Feeds

Sky taken to task for online promo cock-up

Broadcaster broke ASA rules after servers failed

Beginner's guide to SSL certificates

Broadcaster Sky should have made sure its websites could handle the traffic generated by its promotional advertising, and should have made a web offer available on the phone once it ran into problems, the advertising regulator has said.

The Advertising Standards Agency (ASA) has upheld complaints against Sky over people's inability to take advantage of a half-price offer on high-definition television (HD TV).

Four people complained that they could not access the offer on Sky's website. They phoned the company and were told that they could not receive the discount because it was an online-only offer.

Sky claimed that it did not accept that all the problems were down to its systems, and that it had not instructed its phone sales people to offer the deal because it could not be sure when an issue was caused by a failure of its website and when the failure was the customer's.

Customers said, though, that Sky staff admitted to them that the site had had problems.

"The complainants had experienced problems with the website several times over several days and the website had directed them to call the Sky helpline; some of the complainants stated that, on calling the number, the Sky staff member had conceded that they had problems with the website," said the ASA's ruling. "We considered that, because customers were unable to take advantage of the promotion due to technical difficulties, they would expect the offer to be fulfilled over the telephone."

The ASA said that Sky's failure to deal with the demand for the advertised promotion broke its rules on sales promotion administration.

"We considered that, by failing to administer the promotion adequately, Sky had caused unnecessary disappointment to some customers who had been unable to take advantage of the promotion," it said.

Other errors were found to have existed in the promotion, including an affiliate site's redirection of users to the wrong offer and that customers had been wrongly informed about the offer's closing date. But the ASA said that these errors were not breaches of its rules.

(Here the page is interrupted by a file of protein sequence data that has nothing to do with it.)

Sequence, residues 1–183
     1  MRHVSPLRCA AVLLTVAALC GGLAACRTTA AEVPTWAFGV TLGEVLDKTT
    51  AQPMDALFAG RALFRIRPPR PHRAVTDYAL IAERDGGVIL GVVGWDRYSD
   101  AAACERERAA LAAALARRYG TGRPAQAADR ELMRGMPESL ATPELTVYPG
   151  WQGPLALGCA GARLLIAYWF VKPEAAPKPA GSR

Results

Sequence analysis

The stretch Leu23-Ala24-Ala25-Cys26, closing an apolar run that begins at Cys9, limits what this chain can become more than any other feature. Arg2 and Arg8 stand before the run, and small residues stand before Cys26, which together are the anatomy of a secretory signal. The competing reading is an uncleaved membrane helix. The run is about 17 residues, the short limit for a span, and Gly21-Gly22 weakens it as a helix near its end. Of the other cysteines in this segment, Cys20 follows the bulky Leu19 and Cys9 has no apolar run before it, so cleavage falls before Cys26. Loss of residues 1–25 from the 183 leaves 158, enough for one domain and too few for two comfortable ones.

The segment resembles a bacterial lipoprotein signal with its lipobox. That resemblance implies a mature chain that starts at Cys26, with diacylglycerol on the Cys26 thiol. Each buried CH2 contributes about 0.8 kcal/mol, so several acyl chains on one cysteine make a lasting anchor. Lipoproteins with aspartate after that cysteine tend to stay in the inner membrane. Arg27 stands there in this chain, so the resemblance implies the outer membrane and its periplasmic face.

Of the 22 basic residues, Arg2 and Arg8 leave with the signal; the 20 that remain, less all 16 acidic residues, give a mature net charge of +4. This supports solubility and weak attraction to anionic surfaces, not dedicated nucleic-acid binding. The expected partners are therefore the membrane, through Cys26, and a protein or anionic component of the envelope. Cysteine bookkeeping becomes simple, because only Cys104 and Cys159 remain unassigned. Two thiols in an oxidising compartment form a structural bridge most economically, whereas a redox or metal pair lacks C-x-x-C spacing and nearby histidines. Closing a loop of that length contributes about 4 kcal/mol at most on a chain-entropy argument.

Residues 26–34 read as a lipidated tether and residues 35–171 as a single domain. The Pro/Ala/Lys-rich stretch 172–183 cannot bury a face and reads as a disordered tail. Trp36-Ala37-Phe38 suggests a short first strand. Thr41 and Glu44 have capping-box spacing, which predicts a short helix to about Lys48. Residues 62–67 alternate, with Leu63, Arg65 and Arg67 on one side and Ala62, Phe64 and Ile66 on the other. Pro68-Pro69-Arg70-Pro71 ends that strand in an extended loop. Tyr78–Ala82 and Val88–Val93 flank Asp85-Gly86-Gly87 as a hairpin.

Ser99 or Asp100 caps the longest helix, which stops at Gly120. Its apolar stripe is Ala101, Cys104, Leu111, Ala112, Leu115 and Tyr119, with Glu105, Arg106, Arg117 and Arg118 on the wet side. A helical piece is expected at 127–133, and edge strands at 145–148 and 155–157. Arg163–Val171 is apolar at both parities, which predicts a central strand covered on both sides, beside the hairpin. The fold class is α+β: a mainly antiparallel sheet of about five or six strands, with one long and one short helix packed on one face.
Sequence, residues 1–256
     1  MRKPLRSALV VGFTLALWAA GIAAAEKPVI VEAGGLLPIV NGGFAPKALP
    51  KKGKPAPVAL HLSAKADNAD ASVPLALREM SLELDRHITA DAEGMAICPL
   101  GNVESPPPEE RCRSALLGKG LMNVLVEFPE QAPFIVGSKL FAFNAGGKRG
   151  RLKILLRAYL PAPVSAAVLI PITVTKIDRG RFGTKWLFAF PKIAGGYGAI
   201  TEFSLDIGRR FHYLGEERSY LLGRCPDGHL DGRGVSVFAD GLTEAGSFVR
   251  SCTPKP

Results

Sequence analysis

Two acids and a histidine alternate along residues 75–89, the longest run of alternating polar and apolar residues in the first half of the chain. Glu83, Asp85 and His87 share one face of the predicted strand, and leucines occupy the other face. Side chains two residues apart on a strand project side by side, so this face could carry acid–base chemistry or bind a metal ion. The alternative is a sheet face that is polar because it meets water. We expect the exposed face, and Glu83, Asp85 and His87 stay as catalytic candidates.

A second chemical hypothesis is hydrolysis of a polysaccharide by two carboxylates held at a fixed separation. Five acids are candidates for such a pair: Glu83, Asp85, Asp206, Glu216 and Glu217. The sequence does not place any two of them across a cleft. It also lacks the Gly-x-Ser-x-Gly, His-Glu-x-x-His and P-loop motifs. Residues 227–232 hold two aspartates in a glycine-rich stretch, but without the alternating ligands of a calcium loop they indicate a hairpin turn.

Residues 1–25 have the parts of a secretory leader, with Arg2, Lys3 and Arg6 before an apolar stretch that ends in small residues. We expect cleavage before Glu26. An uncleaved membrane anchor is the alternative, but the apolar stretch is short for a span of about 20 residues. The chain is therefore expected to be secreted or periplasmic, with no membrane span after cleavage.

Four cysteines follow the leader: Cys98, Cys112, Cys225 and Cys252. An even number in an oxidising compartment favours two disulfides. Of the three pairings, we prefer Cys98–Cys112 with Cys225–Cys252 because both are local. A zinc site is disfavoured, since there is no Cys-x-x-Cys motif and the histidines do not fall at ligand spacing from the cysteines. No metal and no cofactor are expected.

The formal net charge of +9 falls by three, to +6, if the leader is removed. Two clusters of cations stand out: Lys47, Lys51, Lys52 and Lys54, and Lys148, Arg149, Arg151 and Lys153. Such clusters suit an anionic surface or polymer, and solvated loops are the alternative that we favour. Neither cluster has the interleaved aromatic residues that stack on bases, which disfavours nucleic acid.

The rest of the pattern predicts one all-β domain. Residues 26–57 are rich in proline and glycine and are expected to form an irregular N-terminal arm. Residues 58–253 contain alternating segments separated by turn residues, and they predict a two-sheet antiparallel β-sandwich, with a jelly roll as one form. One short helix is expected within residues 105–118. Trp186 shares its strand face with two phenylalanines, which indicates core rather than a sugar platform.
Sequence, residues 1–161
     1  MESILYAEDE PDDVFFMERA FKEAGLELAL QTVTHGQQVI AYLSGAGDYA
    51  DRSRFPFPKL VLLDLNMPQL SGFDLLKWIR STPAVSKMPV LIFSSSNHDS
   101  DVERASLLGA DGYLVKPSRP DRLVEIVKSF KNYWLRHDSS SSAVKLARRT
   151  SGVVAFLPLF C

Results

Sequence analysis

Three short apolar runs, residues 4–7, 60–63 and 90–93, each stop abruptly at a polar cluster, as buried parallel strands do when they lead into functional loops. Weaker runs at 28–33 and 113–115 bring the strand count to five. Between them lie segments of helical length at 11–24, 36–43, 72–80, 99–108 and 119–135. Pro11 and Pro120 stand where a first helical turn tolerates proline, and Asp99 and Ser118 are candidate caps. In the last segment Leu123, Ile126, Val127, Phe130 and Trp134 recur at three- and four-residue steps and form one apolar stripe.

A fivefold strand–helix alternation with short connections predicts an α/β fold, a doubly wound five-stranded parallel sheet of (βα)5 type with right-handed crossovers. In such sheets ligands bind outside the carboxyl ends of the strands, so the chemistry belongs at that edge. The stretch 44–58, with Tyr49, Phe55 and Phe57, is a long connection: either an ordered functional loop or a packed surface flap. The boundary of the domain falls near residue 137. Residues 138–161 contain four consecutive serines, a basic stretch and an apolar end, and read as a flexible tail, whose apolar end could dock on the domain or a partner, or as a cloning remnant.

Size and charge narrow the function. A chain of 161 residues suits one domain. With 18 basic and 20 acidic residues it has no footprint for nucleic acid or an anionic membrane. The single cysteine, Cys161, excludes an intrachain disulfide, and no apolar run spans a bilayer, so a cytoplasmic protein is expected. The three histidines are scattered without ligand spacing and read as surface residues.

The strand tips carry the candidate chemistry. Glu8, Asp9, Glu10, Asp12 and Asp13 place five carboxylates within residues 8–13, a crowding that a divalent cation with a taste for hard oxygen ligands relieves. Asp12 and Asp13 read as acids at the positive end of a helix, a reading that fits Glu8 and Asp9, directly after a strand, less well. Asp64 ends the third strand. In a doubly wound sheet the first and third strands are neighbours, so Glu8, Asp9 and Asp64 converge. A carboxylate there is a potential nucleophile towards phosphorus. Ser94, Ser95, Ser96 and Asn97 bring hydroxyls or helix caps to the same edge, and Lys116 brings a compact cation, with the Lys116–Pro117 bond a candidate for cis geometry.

See: The ruling

Copyright © 2009, OUT-LAW.com

OUT-LAW.COM is part of international law firm Pinsent Masons.

Security for virtualized datacentres

More from The Register

next story
It's Big, it's Blue... it's simply FABLESS! IBM's chip-free future
Or why the reversal of globalisation ain't gonna 'appen
'Hmm, why CAN'T I run a water pipe through that rack of media servers?'
Leaving Las Vegas for Armenia kludging and Dubai dune bashing
Microsoft and Dell’s cloud in a box: Instant Azure for the data centre
A less painful way to run Microsoft’s private cloud
Facebook slurps 'paste sites' for STOLEN passwords, sprinkles on hash and salt
Zuck's ad empire DOESN'T see details in plain text. Phew!
CAGE MATCH: Microsoft, Dell open co-located bit barns in Oz
Whole new species of XaaS spawning in the antipodes
AWS pulls desktop-as-a-service from the PC
Support for PCoIP protocol means zero clients can run cloudy desktops
prev story

Whitepapers

Choosing cloud Backup services
Demystify how you can address your data protection needs in your small- to medium-sized business and select the best online backup service to meet your needs.
Forging a new future with identity relationship management
Learn about ForgeRock's next generation IRM platform and how it is designed to empower CEOS's and enterprises to engage with consumers.
Security for virtualized datacentres
Legacy security solutions are inefficient due to the architectural differences between physical and virtual environments.
Reg Reader Research: SaaS based Email and Office Productivity Tools
Read this Reg reader report which provides advice and guidance for SMBs towards the use of SaaS based email and Office productivity tools.
Storage capacity and performance optimization at Mizuno USA
Mizuno USA turn to Tegile storage technology to solve both their SAN and backup issues.